• The Convener:
            As I understand it, the requirement for consultation is to be written into the bill so that the results of consultation would be taken on board before the regulations are made.

            What we are suggesting here is that there should be consultation further down the line if changes were required to regulations that had already been made. Was that what you meant?

          • Murray Tosh:
            I am not sure what paragraph 13 of the legal briefing is suggesting. I am all in favour of consultation, but I wonder what kind of consultation and whose responsibility it will be, how often it will be done and what it is that the committee is being invited to request.

          • The Convener:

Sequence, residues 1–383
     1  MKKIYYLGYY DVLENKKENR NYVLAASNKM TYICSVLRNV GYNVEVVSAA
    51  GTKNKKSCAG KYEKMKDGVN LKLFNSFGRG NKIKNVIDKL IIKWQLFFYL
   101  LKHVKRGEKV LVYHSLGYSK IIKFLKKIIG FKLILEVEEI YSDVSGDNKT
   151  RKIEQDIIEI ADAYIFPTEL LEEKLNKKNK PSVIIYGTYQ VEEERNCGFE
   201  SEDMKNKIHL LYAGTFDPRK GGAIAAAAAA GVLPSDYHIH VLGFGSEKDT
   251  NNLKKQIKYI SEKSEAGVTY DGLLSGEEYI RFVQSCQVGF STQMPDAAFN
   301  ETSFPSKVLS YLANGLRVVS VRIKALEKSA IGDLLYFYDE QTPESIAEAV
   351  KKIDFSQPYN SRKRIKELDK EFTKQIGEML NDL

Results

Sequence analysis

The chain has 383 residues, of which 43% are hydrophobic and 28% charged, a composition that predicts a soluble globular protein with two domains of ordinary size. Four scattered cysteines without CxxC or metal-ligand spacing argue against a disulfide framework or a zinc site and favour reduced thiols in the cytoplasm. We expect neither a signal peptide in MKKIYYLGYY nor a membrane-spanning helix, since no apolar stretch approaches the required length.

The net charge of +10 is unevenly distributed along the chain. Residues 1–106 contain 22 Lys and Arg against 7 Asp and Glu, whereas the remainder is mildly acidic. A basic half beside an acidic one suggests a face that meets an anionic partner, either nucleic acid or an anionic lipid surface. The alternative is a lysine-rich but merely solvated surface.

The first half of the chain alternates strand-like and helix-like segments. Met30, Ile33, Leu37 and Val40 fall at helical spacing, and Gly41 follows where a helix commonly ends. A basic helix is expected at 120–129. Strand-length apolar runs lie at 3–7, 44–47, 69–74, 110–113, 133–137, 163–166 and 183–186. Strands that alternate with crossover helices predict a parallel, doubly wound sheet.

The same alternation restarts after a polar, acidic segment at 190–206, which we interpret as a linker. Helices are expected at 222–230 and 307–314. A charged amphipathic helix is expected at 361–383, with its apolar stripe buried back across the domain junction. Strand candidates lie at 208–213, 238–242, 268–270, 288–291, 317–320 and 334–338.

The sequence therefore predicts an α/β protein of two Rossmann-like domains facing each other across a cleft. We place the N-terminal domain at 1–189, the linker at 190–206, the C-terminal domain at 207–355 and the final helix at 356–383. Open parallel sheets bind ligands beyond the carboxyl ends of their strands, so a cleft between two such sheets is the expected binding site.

I understand that the previous Subordinate Legislation Committee required that it be in the bill prior to the regulations being drawn up.

          • Murray Tosh:
            Required that what be in the bill?

          • Alasdair Morgan:
            Nothing is in the bill yet.

          • The Convener:
            Nothing is in the bill at all. The change that we are suggesting is that it should be in the bill that a consultation is required before regulations are drawn up.

          • Murray Tosh:
            A consultation by the Executive?

          • The Convener:
            Yes.

          • Murray Tosh:
            So we are not asking for a requirement that health boards should consult, but that the Executive should consult. Why?

          • The Convener:
            If we think that it is more appropriate that the consultation should be carried out by other bodies, we can suggest that.

          • Gordon Jackson: